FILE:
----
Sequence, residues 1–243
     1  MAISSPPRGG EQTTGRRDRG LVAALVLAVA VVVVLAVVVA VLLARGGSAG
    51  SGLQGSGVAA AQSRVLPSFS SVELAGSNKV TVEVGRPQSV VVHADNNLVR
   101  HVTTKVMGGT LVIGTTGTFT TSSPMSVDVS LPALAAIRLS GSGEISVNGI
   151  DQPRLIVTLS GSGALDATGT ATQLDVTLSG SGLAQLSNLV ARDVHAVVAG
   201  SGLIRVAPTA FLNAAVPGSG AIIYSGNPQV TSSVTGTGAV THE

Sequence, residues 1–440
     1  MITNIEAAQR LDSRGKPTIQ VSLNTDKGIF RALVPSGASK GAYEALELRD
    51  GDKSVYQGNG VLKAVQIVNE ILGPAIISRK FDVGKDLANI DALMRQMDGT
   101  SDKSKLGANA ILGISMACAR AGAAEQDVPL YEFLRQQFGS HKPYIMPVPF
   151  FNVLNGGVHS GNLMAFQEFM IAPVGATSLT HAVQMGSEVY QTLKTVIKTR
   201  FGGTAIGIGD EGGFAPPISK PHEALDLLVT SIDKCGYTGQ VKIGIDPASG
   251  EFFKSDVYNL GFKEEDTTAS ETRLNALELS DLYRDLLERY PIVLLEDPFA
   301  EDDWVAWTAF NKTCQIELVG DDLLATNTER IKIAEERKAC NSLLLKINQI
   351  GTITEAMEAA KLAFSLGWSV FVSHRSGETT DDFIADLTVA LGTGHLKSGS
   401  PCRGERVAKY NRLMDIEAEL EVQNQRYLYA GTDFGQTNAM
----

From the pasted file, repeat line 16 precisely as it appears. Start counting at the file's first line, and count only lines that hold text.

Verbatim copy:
   401  PCRGERVAKY NRLMDIEAEL EVQNQRYLYA GTDFGQTNAM